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Go Inside the Cartoonishly Surreal Mind of Painter Anja Salonen

Salonen's paintings often have red, swollen noses, which occasionally detach from the face like Mr. Potato Head.

by DJ Pangburn
Apr 8 2017, 11:50am

Images courtesy of the artist

Los Angeles-based artist Anja Salonen stretches, bends, elongates, deforms and warps her figures in ways that are comically deadpan and simply strange. Her works are like proto-surrealist Giorgio di Chirico run through digital media. Salonen explores the body through identity politics, race, gender, and sexuality. The work is not overly political, but more personal—at least a personal view of the world that values symmetry and predictability.

Salonen, who grew up in Santa Monica and London, became serious about oil painting around the age of 14. After high school, she studied painting at a small art school where the class toured the old master works of Italy. The school also gave students studio space on Paros, one of the Cycladic islands of Greece, where Salonen applied what she learned about the art and history of oil painting, including techniques, pigments, smells, and alchemical processes. After briefly attending Rhode Island School of Design, Salonen is currently finishing her BFA at California Institute of the Arts.

Faces figure so prominently in Salonen's work because she interested in their uncanny qualities. She is drawn to the fact that humans recognize faces biologically, see them where they don't exist, and read all sorts of emotions and facts from them. Which is why the figures in Salonen's paintings often have red, swollen noses, which occasionally detach from the face like Mr. Potato Head.

"A certain tinge of green in a face can indicate an unknowable illness," says Salonen. "Two eyes angled slightly differently from one another suggest some sort of deformity, an elongated mouth, a red nose, a floppy tongue—often minor alterations of accepted standards of facial features causes some kind of cognitive disconnect. As in, you know it's a face, you know what a face is made up of, but the subtleties of it don't fit that knowledge."

"But, there is nothing special about an inaccurately drawn face," she adds. "I guess the dissonance comes when a face or body is rendered realistically, and that warping is rendered with the same treatment. It just becomes a different world, where that's what 'people' look like. I think that's what ties my work together—that my figures live in that same world."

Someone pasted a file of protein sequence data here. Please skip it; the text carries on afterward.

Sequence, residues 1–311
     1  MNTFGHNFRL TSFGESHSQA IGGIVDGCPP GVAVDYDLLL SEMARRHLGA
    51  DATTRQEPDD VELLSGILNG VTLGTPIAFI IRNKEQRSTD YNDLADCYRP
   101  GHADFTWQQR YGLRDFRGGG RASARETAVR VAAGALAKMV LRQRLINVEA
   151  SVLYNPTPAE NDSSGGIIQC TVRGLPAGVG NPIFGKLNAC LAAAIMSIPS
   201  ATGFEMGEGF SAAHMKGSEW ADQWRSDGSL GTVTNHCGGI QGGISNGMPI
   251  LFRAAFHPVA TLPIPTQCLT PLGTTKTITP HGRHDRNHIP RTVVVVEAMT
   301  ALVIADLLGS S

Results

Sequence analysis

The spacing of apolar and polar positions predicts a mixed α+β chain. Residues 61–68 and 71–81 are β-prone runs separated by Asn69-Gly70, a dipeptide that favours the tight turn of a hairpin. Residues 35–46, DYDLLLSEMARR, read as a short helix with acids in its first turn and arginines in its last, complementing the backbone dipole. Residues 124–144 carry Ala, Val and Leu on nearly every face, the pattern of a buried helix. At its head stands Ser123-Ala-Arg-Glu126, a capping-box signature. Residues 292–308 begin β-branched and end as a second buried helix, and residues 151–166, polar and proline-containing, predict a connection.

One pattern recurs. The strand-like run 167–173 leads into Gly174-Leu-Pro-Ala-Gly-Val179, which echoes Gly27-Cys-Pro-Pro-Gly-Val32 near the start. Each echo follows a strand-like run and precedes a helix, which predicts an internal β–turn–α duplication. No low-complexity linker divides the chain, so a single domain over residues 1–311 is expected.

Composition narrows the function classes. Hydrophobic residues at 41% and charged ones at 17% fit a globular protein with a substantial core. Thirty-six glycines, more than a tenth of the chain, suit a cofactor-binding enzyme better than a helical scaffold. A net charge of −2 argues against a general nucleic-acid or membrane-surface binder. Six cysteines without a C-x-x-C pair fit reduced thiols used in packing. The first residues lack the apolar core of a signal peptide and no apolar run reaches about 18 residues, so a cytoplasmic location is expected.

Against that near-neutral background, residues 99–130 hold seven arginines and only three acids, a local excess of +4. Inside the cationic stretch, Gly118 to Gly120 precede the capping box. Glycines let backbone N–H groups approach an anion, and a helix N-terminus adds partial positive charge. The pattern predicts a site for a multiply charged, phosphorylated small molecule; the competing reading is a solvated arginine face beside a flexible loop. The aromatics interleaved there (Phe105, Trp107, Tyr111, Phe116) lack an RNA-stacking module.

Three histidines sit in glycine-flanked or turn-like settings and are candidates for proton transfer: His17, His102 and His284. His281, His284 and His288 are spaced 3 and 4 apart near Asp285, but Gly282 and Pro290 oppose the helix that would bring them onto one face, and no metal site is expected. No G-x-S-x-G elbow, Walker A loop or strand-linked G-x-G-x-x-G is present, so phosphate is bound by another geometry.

Salonen's flat but colorful style comes from comics. After occasionally using comics as source imagery, she realized the medium's visual language spoke to her in much the same way uncanny faces do.

"There is a democracy to comic book language—they are narrative, easily-readable images that we are familiar with," says Salonen. "Using that visual language in a way that subverts its readability seemed interesting to me, creating seemingly narrative, bright, colorful images that upon further inspection revealed absurdity and discomfort."

Salonen paints as if she is sculpting. The form eventually reveals itself through gradations in a color's lightness or darkness, to which she acts or reacts. Often, she feels that the painting already knows what it wants to be, and her task is to figure it out.

"When I paint, a stream of questions like these runs through my mind," she adds. "What color underneath her eye will make her a little bit tired? What highlight will make her tongue feel gooey? What shadow will push her nose forward? I have a complex and often contradictory relationship to my own body, one of both care and disgust, a sense of expansion and uncontainability as well as one of entrapment and claustrophobia."

Currently, Salonen is working on a series of paintings that further develop this idea of subtle distortion, this time using her own face and body. Salonen wants to see how far she can go with the distortion and still remain recognizable. 

Though Salonen explores identity politics, race, gender, and sexuality in her work, she is not after a single truth or experience in her work. Salonen is more interested in her own relationship to her body, both viscerally and metaphysically."I'm attracted to the way that paint can mimic the subtleties of flesh," Salonen notes. "At times a single brush stroke with the right speed and direction can describe an entire weight of a body."

Click here to see more of Anja Salonen's work.

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